This biological framework provides an interesting context from which to answer the questions "What are emotions?" and "Can a computer have emotions?" Some day I'll write on that, but there's a lot more to say than should be stuffed at the end of this column. In the meantime you'll just have to speculate.

Monday, September 22, 2008

Armchair Neuroscience

I'm really grateful for my undergraduate education at the University of Chicago. I believe it's the best liberal arts school in the country, in large part because it lacks the name recognition of Harvard or Yale while still placing academically in the top ten undergraduate institutions in America. No one goes to the University of Chicago for the fame or connections they might get at Harvard, and as a result the school attracts only those students who really want to learn. At the University of Chicago, they teach you how to think and analyze everything.

The joke in college was that a University of Chicago student didn't need to know anything about a subject to have an opinion on it. This is pretty much true. I distinctly remember getting an A on a paper about The Brother's Karamazov when I had only read the first quarter of the book. The trick was to relate the concepts discussed in class with the material I had actually read and with other texts read in that class. While I'm sure my professor would have been mortified to find this out, it speaks a lot about learning to analyze abstract concepts and come to conclusions that happen to be right.

In other words, The University of Chicago taught me to bullshit well.

Most of the time I talk about a topic, I really do understand the subject matter. But I'm not willing to let a lack of expertise or study prevent me from sharing my opinion, so today's topic is neuroscience. As a disclaimer, I've never studied this subject in an official capacity in my life. All the information I have is from personal reading into other studies, most of which are (I think) peer reviewed.

There! That's a more accurate disclaimer than you'll hear from any journalist, and yet they are often no better qualified than I am to write about these topics. In particular, I recently read an article on that hypothesized that your brain could be controlled by an inner zombie.

Yes, that's really their conclusion. And by "conclusion" I mean "hypothesis supported by circumstantial evidence that's phrased as a question so no one can refute your claim because you're not officially making one". Since there's no challenge in ridiculing a claim like this, let me instead give a fair and impartial summary of the article. Then I'll rip it to shreds and propose a hypothesis that better fits Occam's Razor by several orders of magnitude.

I'll admit the term "inner zombie" is just a term chosen to generate interest in the article. And in some sense it worked-- I'm linking to it. All they really mean by inner zombie is a thought process that's not conscious and not (always) connected to the rational decision making. The article cites some studies where people are blinded by deactivating the visual processing section of their brain, and then shown a word. The people have no conscious knowledge of the word, but when they are asked to "guess" what word might have been shown, they properly guess the word with much higher than expected accuracy. There's also a study that shows people who are temporary blinded can still reflexively react to visual information they can't see. And while the article doesn't mention it, there's also a study done on people who are blind because their brain doesn't process images even though their eyes are fine. Compared to other blind people, these people do a much better job than of dodging obstacles while walking down the street, like other people or sign posts.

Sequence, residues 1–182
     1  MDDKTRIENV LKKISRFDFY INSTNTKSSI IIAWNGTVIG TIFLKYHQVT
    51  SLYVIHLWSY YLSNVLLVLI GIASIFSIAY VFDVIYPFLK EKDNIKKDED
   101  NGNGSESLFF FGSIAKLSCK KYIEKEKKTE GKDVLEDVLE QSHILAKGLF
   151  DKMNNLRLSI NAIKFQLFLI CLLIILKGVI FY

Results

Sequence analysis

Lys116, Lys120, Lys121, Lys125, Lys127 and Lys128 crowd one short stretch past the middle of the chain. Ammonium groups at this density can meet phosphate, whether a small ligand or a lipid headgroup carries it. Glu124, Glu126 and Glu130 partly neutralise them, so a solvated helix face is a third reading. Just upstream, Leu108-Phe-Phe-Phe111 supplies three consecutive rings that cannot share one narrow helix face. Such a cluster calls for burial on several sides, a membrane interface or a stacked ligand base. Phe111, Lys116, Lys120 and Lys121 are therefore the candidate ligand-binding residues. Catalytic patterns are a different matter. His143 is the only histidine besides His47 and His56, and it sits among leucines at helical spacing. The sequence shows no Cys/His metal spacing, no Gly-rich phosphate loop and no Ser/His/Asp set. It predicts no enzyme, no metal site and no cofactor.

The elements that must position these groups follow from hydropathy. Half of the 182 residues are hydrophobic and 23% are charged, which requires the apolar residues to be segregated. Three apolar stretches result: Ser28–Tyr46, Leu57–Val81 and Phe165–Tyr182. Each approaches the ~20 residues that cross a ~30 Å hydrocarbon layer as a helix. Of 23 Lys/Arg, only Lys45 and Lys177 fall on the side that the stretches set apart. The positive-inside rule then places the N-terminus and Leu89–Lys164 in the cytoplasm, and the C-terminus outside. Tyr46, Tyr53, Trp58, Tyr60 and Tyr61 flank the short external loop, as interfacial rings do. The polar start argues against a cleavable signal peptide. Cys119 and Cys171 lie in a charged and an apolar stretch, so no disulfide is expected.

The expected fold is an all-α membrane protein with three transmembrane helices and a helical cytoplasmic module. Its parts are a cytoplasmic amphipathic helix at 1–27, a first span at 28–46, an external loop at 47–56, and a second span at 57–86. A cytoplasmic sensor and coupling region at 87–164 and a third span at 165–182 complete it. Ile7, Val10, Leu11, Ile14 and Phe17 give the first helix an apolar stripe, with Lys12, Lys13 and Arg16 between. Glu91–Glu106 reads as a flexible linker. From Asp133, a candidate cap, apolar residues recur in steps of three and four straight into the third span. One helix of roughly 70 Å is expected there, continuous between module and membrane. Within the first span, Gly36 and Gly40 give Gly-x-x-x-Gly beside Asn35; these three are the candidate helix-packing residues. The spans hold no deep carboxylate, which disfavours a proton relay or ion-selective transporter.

I'd like to note that these results are all from real, peer reviewed studies. Scientists aren't questioning the validity of these results. But they also aren't jumping to the same conclusion that MSNBC did. Here's the basic argument the article makes:
  1. People show the ability to reflexively process and react to visual information even when they consciously report blindness.
  2. Therefore an unconscious process has control over their conscious minds.
  3. Perhaps all consciousness is controlled by these unconscious processes and consciousness is a myth.
It's step 3 that doesn't make any sense. Sure, humans have unconscious processes that handle the same information conscious sections of the brain handle. But why does that mean the whole brain is controlled by the unconscious part? Given our daily experience, I'd suggest that the reverse is true. Our general actions are primarily controlled by conscious processes, and only when consciousness shuts off do the unconscious sections take control. There's no reason to suggest consciousness is a myth and a "zombie" is "controlling your brain".

But the brain is a really strange organ. The reasons the brain work this way are rooted in the differences between human brains, standard mammal brains, and the reptilian brain. Next week I'll talk more about these things and explain why I think dogs have consciousness but lizards do not.

Sunday, September 14, 2008

The Last Place You Look

When I was growing up, I always found it ironic how lost things were always found in the last place you looked for them. For some reason, whenever I was looking for a lost toy it was never in my bedroom or the play room. I'd find it outside underneath the deck, in the basement, or inside the sofa. It wasn't until I was older that I realized this wasn't coincidence; it was a mathematical truth. Put another way, when you're looking for something and you've found it, you stop looking. Things are guaranteed to be in the last place you look.